I sometimes feel guilty I can’t do more toward peace at this time in my life. But 30 minutes I can do. You can too. It happens every Friday, all around the world.
Join us and wear black! The Portland (Oregon) groups stands from 12:15 to 12:45 pm every Friday at SW 10th & Madison by the Portland art museum. (A recent short video was posted here: http://www.youtube.com/watch?v=OqJBAg7blMM)
WOMEN IN BLACK (WIB) is an international network of women standing in silent vigils calling for peace, justice, and non-violent solutions to conflict throughout the world. We stand in silence, because words alone cannot express the tragedy that wars and hatred bring. We stand in black, mourning for lives broken or lost through violence in the United States, Iraq, Afghanistan, Palestine/Israel, and in all wars. We stand in witness to the suffering of victims of violence all over the world. We stand in solidarity with people all over the world who struggle for justice and peace. We stand convinced that the world’s citizens can learn the difference between justice and vengeance, and can call world leaders into accountability to employ nonviolent means for conflict resolution.
Jerry Gabay, Malawi 1984-86
I was in the Peace Corps in Africa
But did not meet a crocodile man, nor crocodile woman either.
My country was Malawi where the sun would radiate intense light
Which broke the morning calm like a claxon in the great bleached sky.
The same sun would in the evening plow back into the earth from which it had sprung
A rose glow as gentle as an elfin mate.
On the lake, Nyasa that is, bwatos dug out of soft wood
Plied the surface like Tibetan yaks on the plains below Machapuchare.
Fishermen paddled up to sell deadly foods to the streamer’s crew
Who were eager to buy; perhaps the toxins did not attack them.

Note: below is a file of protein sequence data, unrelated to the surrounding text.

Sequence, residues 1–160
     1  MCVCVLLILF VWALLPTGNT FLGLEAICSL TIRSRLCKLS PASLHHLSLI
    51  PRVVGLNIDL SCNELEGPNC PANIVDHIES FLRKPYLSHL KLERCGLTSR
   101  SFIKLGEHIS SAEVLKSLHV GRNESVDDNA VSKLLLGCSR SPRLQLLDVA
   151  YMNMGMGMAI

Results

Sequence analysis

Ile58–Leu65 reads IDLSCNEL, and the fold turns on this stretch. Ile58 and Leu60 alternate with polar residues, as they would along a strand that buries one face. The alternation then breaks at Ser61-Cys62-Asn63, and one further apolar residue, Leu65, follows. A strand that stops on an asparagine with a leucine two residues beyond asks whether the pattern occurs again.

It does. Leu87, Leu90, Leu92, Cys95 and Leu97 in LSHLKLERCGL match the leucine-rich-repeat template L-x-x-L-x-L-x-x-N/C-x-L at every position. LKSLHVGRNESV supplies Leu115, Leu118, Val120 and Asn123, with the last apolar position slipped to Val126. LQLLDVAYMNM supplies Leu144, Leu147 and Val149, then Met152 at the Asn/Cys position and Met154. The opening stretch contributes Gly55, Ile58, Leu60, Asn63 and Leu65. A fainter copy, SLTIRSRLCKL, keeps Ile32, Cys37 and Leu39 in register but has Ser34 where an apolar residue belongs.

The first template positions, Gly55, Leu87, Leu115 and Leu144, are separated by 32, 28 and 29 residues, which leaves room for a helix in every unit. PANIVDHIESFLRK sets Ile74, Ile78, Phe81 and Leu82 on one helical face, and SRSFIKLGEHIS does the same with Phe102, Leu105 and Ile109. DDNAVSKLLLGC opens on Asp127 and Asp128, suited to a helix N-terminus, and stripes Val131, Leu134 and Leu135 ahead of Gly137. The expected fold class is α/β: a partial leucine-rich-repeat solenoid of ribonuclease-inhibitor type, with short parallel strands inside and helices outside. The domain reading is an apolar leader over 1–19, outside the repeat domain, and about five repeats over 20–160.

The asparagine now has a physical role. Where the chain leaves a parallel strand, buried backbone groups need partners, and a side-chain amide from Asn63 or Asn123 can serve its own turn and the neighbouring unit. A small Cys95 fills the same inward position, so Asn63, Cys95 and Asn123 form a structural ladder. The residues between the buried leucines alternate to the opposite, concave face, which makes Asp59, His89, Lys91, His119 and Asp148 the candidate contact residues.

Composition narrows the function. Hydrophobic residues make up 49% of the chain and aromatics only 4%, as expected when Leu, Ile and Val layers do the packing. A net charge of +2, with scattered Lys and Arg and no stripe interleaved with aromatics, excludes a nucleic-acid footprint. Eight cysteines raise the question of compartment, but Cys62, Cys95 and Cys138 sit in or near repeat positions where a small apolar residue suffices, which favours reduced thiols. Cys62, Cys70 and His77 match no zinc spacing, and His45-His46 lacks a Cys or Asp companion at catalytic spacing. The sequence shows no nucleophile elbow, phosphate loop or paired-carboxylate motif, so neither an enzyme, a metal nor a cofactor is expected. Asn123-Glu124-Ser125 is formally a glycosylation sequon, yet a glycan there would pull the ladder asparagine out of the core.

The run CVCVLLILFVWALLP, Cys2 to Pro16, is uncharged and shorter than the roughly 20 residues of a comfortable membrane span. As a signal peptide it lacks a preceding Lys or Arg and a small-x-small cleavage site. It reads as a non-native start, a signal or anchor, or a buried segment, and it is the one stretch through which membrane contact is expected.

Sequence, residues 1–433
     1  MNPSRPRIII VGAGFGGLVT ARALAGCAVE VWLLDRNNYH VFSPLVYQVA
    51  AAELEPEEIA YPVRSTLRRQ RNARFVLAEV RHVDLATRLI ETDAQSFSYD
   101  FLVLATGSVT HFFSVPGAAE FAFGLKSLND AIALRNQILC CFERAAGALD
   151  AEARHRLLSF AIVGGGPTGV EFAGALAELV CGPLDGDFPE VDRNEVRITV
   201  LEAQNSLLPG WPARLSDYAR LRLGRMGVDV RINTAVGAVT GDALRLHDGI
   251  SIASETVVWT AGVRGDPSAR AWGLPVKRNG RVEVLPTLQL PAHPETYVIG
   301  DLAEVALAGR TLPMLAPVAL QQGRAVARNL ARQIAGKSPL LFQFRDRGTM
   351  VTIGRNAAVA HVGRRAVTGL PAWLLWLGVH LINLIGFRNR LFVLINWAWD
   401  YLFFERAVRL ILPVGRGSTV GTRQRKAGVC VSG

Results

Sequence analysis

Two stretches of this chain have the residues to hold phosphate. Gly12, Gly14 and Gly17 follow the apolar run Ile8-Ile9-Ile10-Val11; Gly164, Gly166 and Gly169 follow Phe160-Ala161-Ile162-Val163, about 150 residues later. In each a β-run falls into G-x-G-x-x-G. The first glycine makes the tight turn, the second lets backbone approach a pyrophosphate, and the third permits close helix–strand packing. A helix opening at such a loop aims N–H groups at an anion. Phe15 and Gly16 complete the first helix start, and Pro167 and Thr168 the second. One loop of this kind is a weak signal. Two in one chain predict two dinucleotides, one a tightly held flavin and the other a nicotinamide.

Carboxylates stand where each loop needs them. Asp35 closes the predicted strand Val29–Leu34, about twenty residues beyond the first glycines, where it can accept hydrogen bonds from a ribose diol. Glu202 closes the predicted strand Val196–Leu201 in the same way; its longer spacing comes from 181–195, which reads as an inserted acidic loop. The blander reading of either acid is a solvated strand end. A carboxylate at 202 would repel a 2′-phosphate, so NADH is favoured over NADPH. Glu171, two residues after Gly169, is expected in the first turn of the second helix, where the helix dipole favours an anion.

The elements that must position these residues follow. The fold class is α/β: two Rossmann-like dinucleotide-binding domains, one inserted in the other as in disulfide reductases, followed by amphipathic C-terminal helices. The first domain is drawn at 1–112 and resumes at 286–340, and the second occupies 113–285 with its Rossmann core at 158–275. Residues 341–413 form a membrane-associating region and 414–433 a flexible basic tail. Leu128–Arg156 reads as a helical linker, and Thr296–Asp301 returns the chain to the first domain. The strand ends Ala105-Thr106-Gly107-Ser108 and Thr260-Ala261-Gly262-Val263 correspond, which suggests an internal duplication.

The night sky below Livingstonia’s ramparts was full of fireflies
Which mingled with the stars as if the stars had deigned to populate
The air above the lake with diamonds to light our way to Bethlehem
On Christmas Eve.
CRPCA August to October events
Sunday, 08/03, 4pm until 7:30 or so – Picnic. Kenilworth Park in Portland. Columbia River Peace Corps Association and the Portland Peace Corps group picnic at Kenilworth Park on SE Holgate on Sunday August 3rd from . This is a potluck event so please bring a dish to share, your own plates, cups, and utensils, and a BBQ grill if you wish to grill. We will gather in the SW corner picnic area of the park and will have access to some tables but please bring a picnic blanket if you have one to relax on. This is a great area for Bocce and croquet and this is a family-friendly event so feel free to bring your outdoor games!
Saturday, 08/09 – Service Activity: Habitat for Humanity Build. Location and time frame is not yet determined. The date is confirmed. We will need 8-10 volunteers.
Sunday, 08/10, 6:30 pm to 8:00 pm- Book Club – 4222 SE Morrison St. in Portland. The book to read is A School for Others: The History of the Belize High School of Agriculture by Belize RPCV George LeBard (2010). Participating in our discussion–via Skype–will be George LeBard, the book’s author! See our Upcoming Book Discussions page for more information. Feel free to bring snacks to share. Hosted by Patrice Hudson, (503-866-7020).
Thursday, 08/14, to Sunday, 08/17 – Northwest Regional Camp Out. Cougar Rock Group Campground, Mt. Rainier National Park. Peace Corps families from Idaho, Oregon, Washington, and beyond will gather at Cougar Rock Group Campground, between Longmire and Paradise inside Mt Rainier National Park. The host group for the 24th annual regional campout is SEAPAX of Seattle, Washington. Stay tuned to http://home.seapax.org/activities/campouts/ for more information.
Monday, 08/25, 6:30 pm to 9:00 p.m. – Soirée. Lucky Labrador Brew Pub, 915 SE Hawthorne Blvd. in Portland. This is a great way to link up with other RPCVs, hear interesting stories from around the world, and grab a drink and a bite to eat among good company. You can usually find us in the front room.
Tuesday, 08/26, 6:30 pm to 8:30 pm – Salon Francophone, 4311 Southeast 37th Avenue, Portland in Portland. The focus of this event is the French language. We hold fast to the simple rule – only French spoken here — from the first greetings to the final farewells. All Francophones in our CRPCA community are welcome, including family and friends. On se rassemble pour le dîner (potluck) à 18:30. Hosted by Diane Henkels in Kailash Ecovillage backyard garden, 541-270-6001.
Wednesday, 08/27, 7:00 pm to 8:30 pm – Job Search Support Group, Lloyd Center in Portland. Informal gathering of CRPCA members and friends who are seeking new work. Location at Lloyd Center in Portland. Meet 7pm at the Food Court (3rd floor) exiting the elevator to the left side of the food court, looking for CRPCA sign plate overlooking the ice rink edge, or call Gordon Young at 206-351-6465 for our location if you arrive later. Contact Gordon at networking AT crpca.org for more information.